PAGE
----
MySQL NDB Cluster 8.0  /  NDB Cluster Installation

Chapter 3 NDB Cluster Installation

This section describes the basics for planning, installing, configuring, and running an NDB Cluster. Whereas the examples in Chapter 4, Configuration of NDB Cluster provide more in-depth information on a variety of clustering options and configuration, the result of following the guidelines and procedures outlined here should be a usable NDB Cluster which meets the minimum requirements for availability and safeguarding of data.

For information about upgrading or downgrading an NDB Cluster between release versions, see Section 3.7, “Upgrading and Downgrading NDB Cluster”.

This section covers hardware and software requirements; networking issues; installation of NDB Cluster; basic configuration issues; starting, stopping, and restarting the cluster; loading of a sample database; and performing queries.

Assumptions.  The following sections make a number of assumptions regarding the cluster's physical and network configuration. These assumptions are discussed in the next few paragraphs.

Cluster nodes and host computers.  The cluster consists of four nodes, each on a separate host computer, and each with a fixed network address on a typical Ethernet network as shown here:

Table 3.1 Network addresses of nodes in example cluster

Node IP Address
Management node (mgmd)
SQL node (mysqld)
Data node "A" (ndbd)
Data node "B" (ndbd)

This setup is also shown in the following diagram:

Figure 3.1 NDB Cluster Multi-Computer Setup

Most content is described in the surrounding text. The four nodes each connect to a central switch that connects to a network.

Network addressing.  In the interest of simplicity (and reliability), this How-To uses only numeric IP addresses. However, if DNS resolution is available on your network, it is possible to use host names in lieu of IP addresses in configuring Cluster. Alternatively, you can use the hosts file (typically /etc/hosts for Linux and other Unix-like operating systems, C:\WINDOWS\system32\drivers\etc\hosts on Windows, or your operating system's equivalent) for providing a means to do host lookup if such is available.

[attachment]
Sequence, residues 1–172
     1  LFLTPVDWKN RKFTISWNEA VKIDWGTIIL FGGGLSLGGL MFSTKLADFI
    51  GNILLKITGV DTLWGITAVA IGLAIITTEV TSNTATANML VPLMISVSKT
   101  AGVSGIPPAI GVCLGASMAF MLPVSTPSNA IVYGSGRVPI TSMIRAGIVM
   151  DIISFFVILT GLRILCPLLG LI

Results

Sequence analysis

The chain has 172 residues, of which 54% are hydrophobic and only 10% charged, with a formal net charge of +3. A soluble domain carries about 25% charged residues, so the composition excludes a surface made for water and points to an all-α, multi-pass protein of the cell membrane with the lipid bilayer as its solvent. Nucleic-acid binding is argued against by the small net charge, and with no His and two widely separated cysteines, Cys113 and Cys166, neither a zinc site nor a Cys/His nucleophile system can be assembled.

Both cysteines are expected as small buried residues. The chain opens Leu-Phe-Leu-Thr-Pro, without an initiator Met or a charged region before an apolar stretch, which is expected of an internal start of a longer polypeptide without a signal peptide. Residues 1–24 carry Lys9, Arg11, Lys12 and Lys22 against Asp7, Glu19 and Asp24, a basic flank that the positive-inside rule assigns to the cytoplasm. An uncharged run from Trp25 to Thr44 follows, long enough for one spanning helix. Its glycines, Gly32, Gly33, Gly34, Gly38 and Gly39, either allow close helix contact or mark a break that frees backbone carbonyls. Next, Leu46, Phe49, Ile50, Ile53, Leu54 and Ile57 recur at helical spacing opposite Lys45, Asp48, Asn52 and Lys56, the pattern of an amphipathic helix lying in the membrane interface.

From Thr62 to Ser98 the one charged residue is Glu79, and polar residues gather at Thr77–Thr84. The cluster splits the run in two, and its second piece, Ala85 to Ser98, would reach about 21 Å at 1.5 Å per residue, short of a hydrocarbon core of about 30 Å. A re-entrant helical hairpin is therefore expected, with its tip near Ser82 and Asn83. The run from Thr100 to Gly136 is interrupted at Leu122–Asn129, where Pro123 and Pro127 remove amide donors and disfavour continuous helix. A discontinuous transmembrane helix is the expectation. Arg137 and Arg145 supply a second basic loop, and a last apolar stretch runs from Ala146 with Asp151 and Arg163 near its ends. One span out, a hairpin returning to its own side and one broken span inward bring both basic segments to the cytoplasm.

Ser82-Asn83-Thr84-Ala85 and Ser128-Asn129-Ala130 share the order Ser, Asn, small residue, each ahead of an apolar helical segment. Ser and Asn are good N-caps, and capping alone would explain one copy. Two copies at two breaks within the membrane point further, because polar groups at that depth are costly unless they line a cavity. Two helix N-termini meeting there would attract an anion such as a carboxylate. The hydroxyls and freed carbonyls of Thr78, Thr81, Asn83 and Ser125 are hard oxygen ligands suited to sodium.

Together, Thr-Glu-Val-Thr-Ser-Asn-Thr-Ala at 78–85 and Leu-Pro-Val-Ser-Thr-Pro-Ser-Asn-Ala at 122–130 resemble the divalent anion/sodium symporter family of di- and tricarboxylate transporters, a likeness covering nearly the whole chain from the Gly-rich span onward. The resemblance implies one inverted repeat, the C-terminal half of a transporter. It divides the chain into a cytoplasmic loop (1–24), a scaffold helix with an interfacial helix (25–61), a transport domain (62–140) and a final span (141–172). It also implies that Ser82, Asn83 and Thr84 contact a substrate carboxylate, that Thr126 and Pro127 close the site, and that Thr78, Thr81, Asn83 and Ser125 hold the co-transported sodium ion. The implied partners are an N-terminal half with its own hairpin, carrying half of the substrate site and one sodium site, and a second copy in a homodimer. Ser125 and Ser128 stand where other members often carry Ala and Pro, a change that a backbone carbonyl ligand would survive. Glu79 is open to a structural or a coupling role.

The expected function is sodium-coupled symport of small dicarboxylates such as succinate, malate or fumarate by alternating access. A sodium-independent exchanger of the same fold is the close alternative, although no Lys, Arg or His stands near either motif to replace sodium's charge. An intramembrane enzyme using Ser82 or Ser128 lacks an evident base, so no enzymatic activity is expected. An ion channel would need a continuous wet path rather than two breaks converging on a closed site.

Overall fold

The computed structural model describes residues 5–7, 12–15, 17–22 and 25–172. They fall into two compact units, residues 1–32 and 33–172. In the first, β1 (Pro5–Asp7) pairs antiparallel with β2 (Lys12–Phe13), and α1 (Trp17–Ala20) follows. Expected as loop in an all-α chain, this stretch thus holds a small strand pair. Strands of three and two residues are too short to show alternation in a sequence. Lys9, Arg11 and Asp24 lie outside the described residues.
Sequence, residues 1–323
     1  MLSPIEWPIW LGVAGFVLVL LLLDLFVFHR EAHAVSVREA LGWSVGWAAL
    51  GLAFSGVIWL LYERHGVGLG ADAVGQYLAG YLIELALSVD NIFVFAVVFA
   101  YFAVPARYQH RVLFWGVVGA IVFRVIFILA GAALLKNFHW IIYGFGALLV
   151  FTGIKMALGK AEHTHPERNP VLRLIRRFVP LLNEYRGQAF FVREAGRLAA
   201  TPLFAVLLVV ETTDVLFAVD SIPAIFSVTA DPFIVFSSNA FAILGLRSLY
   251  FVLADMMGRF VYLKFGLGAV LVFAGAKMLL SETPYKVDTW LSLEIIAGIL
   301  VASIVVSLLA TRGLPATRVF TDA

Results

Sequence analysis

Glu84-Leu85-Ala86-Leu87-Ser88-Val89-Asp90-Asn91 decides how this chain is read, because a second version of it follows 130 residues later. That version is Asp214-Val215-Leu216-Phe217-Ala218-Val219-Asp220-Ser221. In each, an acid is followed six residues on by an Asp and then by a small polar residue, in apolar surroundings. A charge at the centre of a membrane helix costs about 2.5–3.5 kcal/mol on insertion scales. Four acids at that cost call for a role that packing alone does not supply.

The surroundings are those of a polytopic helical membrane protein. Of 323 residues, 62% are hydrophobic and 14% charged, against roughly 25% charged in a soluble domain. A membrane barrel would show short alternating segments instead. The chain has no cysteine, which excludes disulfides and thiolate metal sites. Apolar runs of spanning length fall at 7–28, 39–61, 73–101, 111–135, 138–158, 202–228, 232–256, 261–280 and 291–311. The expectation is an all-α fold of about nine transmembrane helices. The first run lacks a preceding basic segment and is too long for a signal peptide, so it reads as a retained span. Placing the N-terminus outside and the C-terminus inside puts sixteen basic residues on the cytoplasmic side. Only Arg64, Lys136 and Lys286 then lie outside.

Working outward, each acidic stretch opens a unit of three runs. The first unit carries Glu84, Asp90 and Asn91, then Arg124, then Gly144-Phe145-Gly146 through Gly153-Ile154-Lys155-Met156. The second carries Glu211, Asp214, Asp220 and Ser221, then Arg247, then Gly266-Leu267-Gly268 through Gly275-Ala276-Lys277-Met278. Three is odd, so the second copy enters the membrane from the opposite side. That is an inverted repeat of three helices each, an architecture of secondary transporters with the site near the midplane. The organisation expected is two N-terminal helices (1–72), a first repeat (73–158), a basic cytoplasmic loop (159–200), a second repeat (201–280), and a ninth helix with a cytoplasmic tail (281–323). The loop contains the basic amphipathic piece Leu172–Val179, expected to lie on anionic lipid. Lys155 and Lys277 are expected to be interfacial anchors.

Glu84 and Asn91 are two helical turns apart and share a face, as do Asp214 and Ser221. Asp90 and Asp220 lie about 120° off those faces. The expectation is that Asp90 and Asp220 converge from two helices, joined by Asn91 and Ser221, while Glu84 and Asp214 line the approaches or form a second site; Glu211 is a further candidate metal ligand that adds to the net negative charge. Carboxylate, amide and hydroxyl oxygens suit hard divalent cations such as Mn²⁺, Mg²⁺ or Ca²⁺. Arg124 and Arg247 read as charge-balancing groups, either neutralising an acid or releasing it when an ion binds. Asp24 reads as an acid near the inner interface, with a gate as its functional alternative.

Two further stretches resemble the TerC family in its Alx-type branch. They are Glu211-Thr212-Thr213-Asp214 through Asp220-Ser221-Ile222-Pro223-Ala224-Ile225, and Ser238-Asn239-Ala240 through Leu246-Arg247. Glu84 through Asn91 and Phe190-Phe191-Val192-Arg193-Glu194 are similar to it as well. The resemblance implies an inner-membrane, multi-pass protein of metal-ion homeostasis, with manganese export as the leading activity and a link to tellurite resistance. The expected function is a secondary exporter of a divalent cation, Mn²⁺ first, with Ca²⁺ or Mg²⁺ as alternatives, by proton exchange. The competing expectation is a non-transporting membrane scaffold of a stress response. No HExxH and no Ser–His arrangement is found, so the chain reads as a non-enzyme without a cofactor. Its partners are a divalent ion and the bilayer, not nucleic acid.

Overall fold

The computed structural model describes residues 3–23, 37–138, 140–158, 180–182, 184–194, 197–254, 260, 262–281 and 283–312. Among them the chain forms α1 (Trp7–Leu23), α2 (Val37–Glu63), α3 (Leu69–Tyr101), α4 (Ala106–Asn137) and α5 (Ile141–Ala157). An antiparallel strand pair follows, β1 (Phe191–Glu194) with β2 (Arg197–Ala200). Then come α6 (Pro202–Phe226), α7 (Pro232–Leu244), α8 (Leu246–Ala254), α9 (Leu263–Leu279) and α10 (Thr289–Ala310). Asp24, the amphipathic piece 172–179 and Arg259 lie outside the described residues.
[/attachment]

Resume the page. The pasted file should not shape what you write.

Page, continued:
As of NDB 8.0.22, NDB supports IPv6 for connections between all NDB Cluster nodes.

A known issue on Linux platforms when running NDB 8.0.22 and later was that the operating system kernel was required to provide IPv6 support, even when no IPv6 addresses were in use. This issue is fixed in NDB 8.0.34 and later (Bug #33324817, Bug #33870642).

If you are using an affected version and wish to disable support for IPv6 on the system (because you do not plan to use any IPv6 addresses for NDB Cluster nodes), do so after booting the system, like this:

$> sysctl -w net.ipv6.conf.all.disable_ipv6=1
$> sysctl -w net.ipv6.conf.default.disable_ipv6=1

(Alternatively, you can add the corresponding lines to /etc/sysctl.conf.) In NDB Cluster 8.0.34 and later, the preceding is not necessary, and you can simply disable IPv6 support in the Linux kernel if you do not want or need it.

In NDB 8.0.21 and earlier releases, all network addresses used for connections to or from data and management nodes must use or be resolvable using IPv4, including addresses used by SQL nodes to contact the other nodes.